The July 31st baseball trading deadline came and went with a frenzy. Some star players were on the move (Victor Martinez, Cliff Lee, & Matt Holliday) and some of the star players we thought would be moved, stayed with their current team (Roy Halladay).
With every trading deadline, there are teams that won and unfortunately there were teams that lost. Of course, the beauty of all these trades is that in five years from now, a team that we all thought won at the trade deadline could turn out to be a loser in the long run. You just never know how these prospects are going to turn out.
For the short term, here are my five winners and losers from the July 31st trading deadline.
5. Pittsburgh Pirates. Many called what Pittsburgh did a “Fire Sale.” In my opinion, this was not the case. A “Fire Sale” is what the Marlins did in the 1997/1998 offseason.
Getting rid of mediocre talent and replacing them with potential is not a “Fire Sale.” That is called being smart. The Pirates weren’t winning with this group of current players, so replacing them with players who can potentially win.
Again, it’s my “Average Knows vs. Unknown Potential” theory.
4. Toronto Blue Jays.What? How could I put the Blue Jays as winners when they didn’t trade Roy Halladay? Here is my thinking on this one. It’s good for baseball that Halladay remains on the Blue Jays.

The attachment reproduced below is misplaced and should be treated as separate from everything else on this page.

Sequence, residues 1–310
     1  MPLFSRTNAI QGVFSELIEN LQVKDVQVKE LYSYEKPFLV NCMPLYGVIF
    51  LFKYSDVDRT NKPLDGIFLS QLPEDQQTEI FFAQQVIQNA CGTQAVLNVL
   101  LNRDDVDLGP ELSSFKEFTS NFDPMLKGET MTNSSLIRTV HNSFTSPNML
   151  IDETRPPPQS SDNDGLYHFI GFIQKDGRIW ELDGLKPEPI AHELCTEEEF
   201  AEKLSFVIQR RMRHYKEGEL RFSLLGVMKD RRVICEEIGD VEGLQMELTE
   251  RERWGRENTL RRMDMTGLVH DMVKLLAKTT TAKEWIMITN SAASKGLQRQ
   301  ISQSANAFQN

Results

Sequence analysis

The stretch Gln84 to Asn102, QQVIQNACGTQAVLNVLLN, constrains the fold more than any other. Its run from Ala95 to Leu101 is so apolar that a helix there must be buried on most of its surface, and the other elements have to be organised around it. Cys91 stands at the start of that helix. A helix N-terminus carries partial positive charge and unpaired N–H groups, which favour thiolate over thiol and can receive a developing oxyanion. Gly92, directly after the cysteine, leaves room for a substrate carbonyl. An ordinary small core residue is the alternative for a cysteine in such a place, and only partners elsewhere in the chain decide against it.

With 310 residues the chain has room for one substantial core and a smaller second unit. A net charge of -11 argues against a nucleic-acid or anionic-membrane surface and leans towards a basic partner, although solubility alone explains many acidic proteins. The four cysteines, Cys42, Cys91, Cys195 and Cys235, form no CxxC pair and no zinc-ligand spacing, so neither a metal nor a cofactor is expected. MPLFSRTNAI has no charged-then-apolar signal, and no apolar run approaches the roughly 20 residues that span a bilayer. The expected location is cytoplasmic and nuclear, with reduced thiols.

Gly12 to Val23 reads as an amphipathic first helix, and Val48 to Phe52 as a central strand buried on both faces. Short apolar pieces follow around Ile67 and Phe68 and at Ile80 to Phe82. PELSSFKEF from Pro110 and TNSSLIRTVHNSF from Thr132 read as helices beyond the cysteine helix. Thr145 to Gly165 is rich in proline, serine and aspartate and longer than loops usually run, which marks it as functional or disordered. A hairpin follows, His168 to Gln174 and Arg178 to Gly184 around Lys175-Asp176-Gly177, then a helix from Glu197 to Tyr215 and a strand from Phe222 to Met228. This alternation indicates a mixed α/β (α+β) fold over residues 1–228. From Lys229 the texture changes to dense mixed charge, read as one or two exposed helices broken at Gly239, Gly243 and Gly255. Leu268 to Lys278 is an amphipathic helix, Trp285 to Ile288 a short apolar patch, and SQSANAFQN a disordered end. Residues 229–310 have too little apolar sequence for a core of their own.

Will Halladay get traded in the offseason? Most likely. But in the short term, it’s good for baseball and the Blue Jays that Halladay stay in Toronto. There are certain players who I feel need to stay on their current team for the good of the game – Joe Mauer, Roy Halladay, Hanley Ramirez, and Albert Pujols.
The Blue Jays were also winners because they were able to unload Scott Rolen to the Cincinnati Reds (more on them later) for some good pitching prospects (Zach Stewart and Josh Roenicke) along with Edwin Encarnacion.
One scout’s take on this trade, via Buster Olney’s blog– “Roenicke is good, and Stewart probably has an even higher upside. The Jays didn’t really need Encarnacion — they’ll probably release him in the winter — but to get those two pitchers and shed the salary, that was a great trade.”